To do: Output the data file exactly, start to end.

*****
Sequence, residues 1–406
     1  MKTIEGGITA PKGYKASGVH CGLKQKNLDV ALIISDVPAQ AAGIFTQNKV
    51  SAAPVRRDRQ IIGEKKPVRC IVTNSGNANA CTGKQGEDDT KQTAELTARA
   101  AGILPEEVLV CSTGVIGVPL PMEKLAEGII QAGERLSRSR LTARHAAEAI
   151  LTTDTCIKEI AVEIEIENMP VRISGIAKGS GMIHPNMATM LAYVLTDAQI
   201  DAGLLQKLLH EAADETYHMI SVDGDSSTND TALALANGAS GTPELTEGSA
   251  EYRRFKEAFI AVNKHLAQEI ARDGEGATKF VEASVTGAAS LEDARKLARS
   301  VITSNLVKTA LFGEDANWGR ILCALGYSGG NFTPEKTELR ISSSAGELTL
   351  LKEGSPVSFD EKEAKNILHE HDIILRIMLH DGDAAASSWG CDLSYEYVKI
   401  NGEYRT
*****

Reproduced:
Sequence, residues 1–406
     1  MKTIEGGITA PKGYKASGVH CGLKQKNLDV ALIISDVPAQ AAGIFTQNKV
    51  SAAPVRRDRQ IIGEKKPVRC IVTNSGNANA CTGKQGEDDT KQTAELTARA
   101  AGILPEEVLV CSTGVIGVPL PMEKLAEGII QAGERLSRSR LTARHAAEAI
   151  LTTDTCIKEI AVEIEIENMP VRISGIAKGS GMIHPNMATM LAYVLTDAQI
   201  DAGLLQKLLH EAADETYHMI SVDGDSSTND TALALANGAS GTPELTEGSA
   251  EYRRFKEAFI AVNKHLAQEI ARDGEGATKF VEASVTGAAS LEDARKLARS
   301  VITSNLVKTA LFGEDANWGR ILCALGYSGG NFTPEKTELR ISSSAGELTL
   351  LKEGSPVSFD EKEAKNILHE HDIILRIMLH DGDAAASSWG CDLSYEYVKI
   401  NGEYRT